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More Info: Grandparents & Seniors

Young female patient

We are not trying to panic grandparents into insisting that all their teenage grandchildren get blood tests for prediabetes—or that all teens talk to a psychotherapist. 

(Though if a teen you care about has been very inactive for years, with quite unhealthy nutrition, a blood test might be a good idea…and the results could become an encouragement for improving health habits!)

(And if your teen has been feeling depressed for weeks on end…wouldn’t learning some ways to pull out of prolonged sadness be helpful for both the teen and the parent?  Health education can help with that.)

Young woman deep in thought

School Can Help A Lot

What if health education helped students learn simple ways to manage their stress and helped them to avoid risky situations and substances?…

What if our kids had learned to better handle their use of social media and other typical teen social challenges?…

Since we have such a large percentage of young people at-risk, we need highly scalable, high quality, cost-effective, and practically implementable solutions. 

(And they also need to be broadly accepted, with minimal controversy.  And where there is potential controversy, schools need to provide parents with other choices: whether opting-out or opting-in or offering alternative content for particular topics in health education.).

We are trying to raise awareness and get action. 

We are informing you, so that you can help us change things—to benefit all of our children and grandchildren. 

Who Will Pay for Their Future Health Insurance, Taxes and Medical Costs?

And by the way, not to make you panic even more—but how will our grandchildren pay for their health costs, if most of them have chronic conditions from their teen years or their 20s or 30s?

Think about your own health, and how it has gotten worse with age.  Our bodies wear down, we need more health advice, we have more prescriptions, etc etc.

Unless we take drastic action:  There will be so many kids so unhealthy from such an early age…into the foreseeable future—with ever-higher health insurance premiums, and high fast-rising out-of-pocket deductibles, and a lifetime of chronic diseases.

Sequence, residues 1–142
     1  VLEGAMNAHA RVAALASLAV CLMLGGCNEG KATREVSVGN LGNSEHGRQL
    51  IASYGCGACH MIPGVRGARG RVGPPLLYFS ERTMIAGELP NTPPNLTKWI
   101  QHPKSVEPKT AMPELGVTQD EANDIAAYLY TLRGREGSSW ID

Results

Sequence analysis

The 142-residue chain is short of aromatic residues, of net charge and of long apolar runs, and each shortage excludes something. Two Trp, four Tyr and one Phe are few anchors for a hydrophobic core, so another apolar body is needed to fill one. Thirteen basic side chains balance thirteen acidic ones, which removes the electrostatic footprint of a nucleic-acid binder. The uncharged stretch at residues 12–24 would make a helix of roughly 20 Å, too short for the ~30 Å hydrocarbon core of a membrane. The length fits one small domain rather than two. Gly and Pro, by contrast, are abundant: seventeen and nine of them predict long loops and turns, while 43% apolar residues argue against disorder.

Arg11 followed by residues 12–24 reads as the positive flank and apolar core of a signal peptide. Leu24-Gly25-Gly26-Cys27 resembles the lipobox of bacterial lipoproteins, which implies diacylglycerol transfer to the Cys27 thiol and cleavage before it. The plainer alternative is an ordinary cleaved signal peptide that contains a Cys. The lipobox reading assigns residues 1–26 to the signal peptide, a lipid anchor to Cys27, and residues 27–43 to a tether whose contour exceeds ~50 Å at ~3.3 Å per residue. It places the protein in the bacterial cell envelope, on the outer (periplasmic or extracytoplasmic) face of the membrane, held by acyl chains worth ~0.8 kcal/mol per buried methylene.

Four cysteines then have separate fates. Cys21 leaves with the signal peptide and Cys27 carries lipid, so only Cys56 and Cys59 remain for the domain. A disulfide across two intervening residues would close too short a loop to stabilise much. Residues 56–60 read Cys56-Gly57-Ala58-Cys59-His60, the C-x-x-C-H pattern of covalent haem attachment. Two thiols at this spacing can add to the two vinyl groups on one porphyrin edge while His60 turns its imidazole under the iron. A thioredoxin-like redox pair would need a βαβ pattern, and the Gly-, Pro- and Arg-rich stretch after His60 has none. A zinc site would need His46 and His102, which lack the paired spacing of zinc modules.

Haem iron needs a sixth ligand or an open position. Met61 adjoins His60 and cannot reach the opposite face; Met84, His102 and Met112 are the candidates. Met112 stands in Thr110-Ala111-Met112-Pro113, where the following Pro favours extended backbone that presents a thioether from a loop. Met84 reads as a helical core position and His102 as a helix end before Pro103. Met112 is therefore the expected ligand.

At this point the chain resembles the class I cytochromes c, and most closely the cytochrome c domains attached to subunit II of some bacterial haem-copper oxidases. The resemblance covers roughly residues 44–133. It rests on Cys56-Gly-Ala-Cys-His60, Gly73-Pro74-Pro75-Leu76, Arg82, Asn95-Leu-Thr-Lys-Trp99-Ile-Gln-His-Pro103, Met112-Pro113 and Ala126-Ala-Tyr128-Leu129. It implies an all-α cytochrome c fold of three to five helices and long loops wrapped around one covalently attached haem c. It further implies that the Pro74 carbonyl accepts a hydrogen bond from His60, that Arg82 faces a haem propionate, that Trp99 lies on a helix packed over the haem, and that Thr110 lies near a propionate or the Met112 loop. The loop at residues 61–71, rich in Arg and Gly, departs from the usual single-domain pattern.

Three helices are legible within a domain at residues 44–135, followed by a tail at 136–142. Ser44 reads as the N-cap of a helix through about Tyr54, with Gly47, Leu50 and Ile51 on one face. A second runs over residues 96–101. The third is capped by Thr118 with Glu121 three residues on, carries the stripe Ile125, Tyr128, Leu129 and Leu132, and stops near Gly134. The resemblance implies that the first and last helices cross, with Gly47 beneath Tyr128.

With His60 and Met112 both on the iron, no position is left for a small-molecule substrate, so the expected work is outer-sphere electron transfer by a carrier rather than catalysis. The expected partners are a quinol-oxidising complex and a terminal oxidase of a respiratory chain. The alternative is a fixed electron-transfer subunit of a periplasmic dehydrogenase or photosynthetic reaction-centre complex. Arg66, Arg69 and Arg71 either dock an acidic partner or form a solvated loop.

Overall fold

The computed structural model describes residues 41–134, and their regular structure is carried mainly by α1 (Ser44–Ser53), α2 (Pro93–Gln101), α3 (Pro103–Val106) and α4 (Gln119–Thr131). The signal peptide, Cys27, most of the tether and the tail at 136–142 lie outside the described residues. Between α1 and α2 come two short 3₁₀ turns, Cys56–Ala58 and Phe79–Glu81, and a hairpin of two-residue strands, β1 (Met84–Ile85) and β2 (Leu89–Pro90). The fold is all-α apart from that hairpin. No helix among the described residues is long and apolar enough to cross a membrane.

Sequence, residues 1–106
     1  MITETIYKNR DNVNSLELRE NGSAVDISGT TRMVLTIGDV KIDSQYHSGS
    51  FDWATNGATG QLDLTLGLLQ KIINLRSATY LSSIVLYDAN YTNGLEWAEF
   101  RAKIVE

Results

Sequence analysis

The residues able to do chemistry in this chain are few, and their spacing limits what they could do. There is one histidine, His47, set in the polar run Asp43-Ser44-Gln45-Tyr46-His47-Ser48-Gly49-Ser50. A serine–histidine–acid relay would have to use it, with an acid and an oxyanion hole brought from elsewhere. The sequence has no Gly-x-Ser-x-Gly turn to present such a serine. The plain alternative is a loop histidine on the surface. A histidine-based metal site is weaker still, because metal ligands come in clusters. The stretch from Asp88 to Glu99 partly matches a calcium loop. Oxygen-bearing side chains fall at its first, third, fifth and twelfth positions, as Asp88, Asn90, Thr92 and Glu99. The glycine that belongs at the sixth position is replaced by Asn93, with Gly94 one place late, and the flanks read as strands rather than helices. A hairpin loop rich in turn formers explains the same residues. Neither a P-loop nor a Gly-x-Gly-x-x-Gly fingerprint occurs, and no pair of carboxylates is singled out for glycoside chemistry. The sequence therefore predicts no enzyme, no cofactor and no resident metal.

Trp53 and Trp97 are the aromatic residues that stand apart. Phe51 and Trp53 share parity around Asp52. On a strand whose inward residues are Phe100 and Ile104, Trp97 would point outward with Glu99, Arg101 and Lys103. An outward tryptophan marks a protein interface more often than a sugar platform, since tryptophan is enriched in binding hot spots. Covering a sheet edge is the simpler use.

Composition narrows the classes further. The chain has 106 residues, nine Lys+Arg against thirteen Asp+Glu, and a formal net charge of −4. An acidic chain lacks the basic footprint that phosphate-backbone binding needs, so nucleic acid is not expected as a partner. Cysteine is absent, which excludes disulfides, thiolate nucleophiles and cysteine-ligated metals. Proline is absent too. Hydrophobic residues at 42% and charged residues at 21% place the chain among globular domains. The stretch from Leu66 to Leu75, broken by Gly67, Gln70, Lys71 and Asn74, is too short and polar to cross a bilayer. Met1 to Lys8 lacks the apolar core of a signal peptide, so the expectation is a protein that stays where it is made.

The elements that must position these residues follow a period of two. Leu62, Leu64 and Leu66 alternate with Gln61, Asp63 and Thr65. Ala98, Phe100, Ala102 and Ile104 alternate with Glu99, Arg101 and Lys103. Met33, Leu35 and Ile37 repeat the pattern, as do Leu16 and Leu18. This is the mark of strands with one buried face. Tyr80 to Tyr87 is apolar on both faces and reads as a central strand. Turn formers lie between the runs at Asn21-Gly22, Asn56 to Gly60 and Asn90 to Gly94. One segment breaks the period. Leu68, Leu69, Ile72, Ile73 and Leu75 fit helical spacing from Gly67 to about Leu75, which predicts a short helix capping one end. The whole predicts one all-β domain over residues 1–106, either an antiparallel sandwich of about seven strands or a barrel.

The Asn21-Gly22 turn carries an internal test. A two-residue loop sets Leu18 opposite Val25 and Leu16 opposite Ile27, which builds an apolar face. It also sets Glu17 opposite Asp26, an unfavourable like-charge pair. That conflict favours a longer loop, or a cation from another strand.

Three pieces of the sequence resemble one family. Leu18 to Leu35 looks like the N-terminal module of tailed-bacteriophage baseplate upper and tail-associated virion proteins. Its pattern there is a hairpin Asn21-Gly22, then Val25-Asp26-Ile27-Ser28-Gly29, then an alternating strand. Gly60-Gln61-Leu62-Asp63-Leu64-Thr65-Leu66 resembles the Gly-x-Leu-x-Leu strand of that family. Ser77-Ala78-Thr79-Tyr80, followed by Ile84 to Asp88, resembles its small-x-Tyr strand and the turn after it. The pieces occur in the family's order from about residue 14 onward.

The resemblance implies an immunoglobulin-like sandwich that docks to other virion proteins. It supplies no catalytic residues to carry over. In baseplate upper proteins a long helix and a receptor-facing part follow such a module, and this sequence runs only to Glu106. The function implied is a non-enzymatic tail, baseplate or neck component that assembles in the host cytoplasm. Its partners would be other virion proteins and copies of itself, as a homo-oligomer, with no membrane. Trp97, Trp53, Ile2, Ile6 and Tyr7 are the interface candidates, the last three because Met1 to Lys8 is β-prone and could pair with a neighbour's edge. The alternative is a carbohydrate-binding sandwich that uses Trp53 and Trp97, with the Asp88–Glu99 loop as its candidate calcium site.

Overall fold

Given how hard it has been for us to pay for our own health insurance, taxes and health care:  How are future, unhealthier generations going to pay for their health-related expenses?

Medical bills are already by far the largest cause of family bankruptcies.

The government has backstopped our health care system more & more: 

Health costs were 5% of the federal budget when many of us were growing up. Now they are about 50% of federal spending

The feds heavily subsidize employer health insurance with hundreds of billions of dollars annually in tax write-offs, as well as paying for Medicare and Medicaid and Obamacare and veterans benefits etc. 

State budgets used to have few health care costs—now medical expenditures are typically the 1st or 2nd biggest state expenditure.

States pick up as much as half of total Medicaid spending (called AHCCCS in Arizona), i.e., “free” health care for lower-income families. In other words, state taxpayers pay for much of the health costs for lower-income families that the federal government doesn’t pay for.

(And by the way, this also eats a big hole into what the state can afford to invest in K-12 education and other areas…)

State governments, which don’t have the option to go into debt, will have to cut what they pay.  They will pay less to Medicaid health care providers (which will increase what people with private health insurance have to pay, in order to subsidize hospitals and doctors under-reimbursed by government health plans).  And the government will also save money by decreasing access to state-funded health care, i.e., to AHCCCS. 

And as cost pressures mount, both private and public plans & providers will reduce the quality of care—as we have seen for decades. (Just think of the traditional 30-60 minutes with the doctor, now often down to <15 minutes.)

Given all of that, we must for everyone’s sake do something major about current health trends among our younger generation. 

Will you help?

Contact us now.